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On December 24, 2020 the Russian International Affairs Council (RIAC) held a webinar “Russia and the Asia Pacific region in 2021”.

At the final event of the year dedicated to the Asia Pacific, leading Russian researchers of the field shared their assessments of the most significant trends of 2020 and tried to forecast regional developments in the upcoming year. They also highlighted chances and challenges for Russian foreign policy in the region.

On December 24, 2020 the Russian International Affairs Council (RIAC) held a webinar “Russia and the Asia Pacific region in 2021”.

At the final event of the year dedicated to the Asia Pacific, leading Russian researchers of the field shared their assessments of the most significant trends of 2020 and tried to forecast regional developments in the upcoming year. They also highlighted chances and challenges for Russian foreign policy in the region.

Ivan Timofeev, RIAC Director of Programs, spoke about the role of sanctions in contemporary world, particularly stressing the increasingly acute U.S.–China rivalry. He noted that although the COVID-19 might have been expected to unite the nations, it only exacerbated the divide between them. Despite the UN calls for at least partial lifting of sanctions amidst the pandemic, they remained in place with few exemptions. Moreover, not only did the US continue to economically suppress China, as well as Russia and Iran, but also Beijing switched from previously reactive sanctions policy to a rather proactive one. While the U.S. uses technologies and financial sector as leverage, China relies on the market mechanisms to exert pressure on its rivals.

Vasily Kashin, RIAC Member, Head of the International Military-Political and Military-Economic Problems at the Centre for Comprehensive European and International Studies, Higher School of Economics, and Leading Research Fellow at the RAS Institute of Far Eastern Studies, continued with the analysis of China’s changing role in international politics. Since the U.S.–China rivalry seems to have replaced the U.S.–Russia axis of confrontation, China is likely to seek greater autonomy in all crucial economic sectors, especially in civilian electronics, as well as diversify its foreign policy using various multilateral formats. We already see it starting to fight back, e.g. in relations with Australia, imposing anti-dumping and new customs legislation, or with the U.S., introducing sanctions for arms supplies to Taiwan. Beijing is also looking for new partnerships with scientific centers and laboratories instead of American ones, which creates an opportunity for Russia. With the EU–China and Japan–China relations being also somewhat in jeopardy, small and medium powers in Asia and other regions may attempt to cooperate with the latter.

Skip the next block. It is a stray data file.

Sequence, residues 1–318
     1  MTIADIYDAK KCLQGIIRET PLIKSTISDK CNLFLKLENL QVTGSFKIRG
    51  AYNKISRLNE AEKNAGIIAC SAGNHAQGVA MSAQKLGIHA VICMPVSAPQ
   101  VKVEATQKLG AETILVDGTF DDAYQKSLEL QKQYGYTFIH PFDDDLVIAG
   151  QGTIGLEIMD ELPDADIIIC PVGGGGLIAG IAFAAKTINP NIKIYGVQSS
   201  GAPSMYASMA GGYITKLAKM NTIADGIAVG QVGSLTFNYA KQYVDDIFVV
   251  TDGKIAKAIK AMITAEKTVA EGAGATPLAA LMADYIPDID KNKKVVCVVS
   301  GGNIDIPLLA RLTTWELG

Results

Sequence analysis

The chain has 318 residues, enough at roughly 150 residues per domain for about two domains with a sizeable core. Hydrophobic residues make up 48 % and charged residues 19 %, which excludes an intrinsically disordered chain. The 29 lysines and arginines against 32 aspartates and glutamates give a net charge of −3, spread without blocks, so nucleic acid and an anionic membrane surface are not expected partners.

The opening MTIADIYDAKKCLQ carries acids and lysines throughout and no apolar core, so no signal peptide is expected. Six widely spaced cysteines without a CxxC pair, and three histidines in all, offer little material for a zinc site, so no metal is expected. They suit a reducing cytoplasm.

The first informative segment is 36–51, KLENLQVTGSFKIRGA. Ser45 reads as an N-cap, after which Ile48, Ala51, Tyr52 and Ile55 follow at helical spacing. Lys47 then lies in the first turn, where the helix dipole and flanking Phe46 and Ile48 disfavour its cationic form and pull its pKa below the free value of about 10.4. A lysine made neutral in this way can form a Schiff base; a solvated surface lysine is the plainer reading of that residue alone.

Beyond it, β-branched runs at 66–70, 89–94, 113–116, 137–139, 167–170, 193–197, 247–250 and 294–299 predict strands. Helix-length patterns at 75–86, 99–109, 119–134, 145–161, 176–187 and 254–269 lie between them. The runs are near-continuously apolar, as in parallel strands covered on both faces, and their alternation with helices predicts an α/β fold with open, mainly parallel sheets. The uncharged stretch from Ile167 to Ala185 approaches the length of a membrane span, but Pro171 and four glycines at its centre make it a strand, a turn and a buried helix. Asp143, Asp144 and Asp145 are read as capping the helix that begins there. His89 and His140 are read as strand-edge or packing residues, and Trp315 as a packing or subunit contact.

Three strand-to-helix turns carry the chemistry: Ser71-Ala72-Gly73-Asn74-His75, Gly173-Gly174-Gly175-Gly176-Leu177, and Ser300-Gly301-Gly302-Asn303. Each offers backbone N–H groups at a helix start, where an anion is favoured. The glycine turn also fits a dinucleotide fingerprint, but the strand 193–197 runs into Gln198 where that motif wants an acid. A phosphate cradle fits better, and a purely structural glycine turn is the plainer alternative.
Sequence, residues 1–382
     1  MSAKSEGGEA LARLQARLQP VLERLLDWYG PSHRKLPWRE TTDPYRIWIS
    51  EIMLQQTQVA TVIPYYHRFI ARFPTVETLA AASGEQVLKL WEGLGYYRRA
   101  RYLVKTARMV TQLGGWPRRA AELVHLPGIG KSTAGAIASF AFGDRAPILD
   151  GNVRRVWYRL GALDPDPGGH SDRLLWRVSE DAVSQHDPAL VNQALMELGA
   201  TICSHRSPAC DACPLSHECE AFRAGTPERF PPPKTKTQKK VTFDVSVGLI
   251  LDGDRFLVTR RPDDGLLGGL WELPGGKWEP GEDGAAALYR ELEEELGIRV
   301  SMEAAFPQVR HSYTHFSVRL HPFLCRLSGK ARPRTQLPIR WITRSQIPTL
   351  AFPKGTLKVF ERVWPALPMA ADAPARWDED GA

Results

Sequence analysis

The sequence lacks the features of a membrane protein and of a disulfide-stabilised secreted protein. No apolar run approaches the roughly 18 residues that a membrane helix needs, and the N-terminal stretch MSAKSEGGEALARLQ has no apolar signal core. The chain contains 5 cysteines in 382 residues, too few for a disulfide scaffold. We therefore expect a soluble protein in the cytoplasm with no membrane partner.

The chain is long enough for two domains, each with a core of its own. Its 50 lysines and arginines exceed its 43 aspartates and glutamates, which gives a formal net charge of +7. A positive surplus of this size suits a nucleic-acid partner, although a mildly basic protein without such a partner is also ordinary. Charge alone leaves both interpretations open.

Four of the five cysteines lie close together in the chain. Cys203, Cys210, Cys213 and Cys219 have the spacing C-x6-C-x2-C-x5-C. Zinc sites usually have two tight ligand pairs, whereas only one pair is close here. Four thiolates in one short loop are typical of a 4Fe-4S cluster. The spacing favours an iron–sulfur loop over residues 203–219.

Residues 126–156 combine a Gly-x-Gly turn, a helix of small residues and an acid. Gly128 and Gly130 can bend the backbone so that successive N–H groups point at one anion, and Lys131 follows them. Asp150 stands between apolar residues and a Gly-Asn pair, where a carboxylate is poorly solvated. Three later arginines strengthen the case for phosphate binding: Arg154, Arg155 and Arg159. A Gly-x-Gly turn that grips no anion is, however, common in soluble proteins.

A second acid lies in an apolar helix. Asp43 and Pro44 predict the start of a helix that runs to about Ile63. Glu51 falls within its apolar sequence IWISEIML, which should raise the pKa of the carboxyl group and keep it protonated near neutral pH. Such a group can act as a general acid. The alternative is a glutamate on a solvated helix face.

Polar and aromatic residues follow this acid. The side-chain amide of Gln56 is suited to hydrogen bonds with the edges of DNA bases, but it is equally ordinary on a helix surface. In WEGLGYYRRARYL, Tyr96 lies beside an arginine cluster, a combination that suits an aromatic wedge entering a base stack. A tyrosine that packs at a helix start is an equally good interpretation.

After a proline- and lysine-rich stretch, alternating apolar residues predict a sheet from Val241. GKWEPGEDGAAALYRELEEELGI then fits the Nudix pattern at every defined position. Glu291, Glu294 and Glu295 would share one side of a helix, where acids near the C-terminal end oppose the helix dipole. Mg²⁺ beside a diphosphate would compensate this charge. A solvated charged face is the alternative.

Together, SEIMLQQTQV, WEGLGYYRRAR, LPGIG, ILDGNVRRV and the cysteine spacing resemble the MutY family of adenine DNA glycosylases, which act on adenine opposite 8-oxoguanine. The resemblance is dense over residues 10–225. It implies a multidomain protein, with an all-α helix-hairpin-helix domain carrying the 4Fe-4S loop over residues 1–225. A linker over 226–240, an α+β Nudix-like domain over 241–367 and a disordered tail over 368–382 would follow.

Alexander Gabuev, Chair of the Russia in the Asia Pacific Program at the Carnegie Moscow Center, supported the view that China was becoming increasingly fierce in its sanctions policy, which should not be overlooked in Russia. Apart from this, he warned against excessive expectations from the Chinese “green agenda”, since reducing of coal sector in the overall energy balance provides only short-term benefits for Russian energy companies and may lead to dangerous vulnerabilities in the future. Another format that requires attentive analysis is the finally signed Regional Comprehensive Economic Partnership (RCEP) that may only strengthen Chinese positions in Asia Pacific and worldwide, especially given the U.S.’s limited opportunities for resuming participation in the Trans-Pacific Partnership.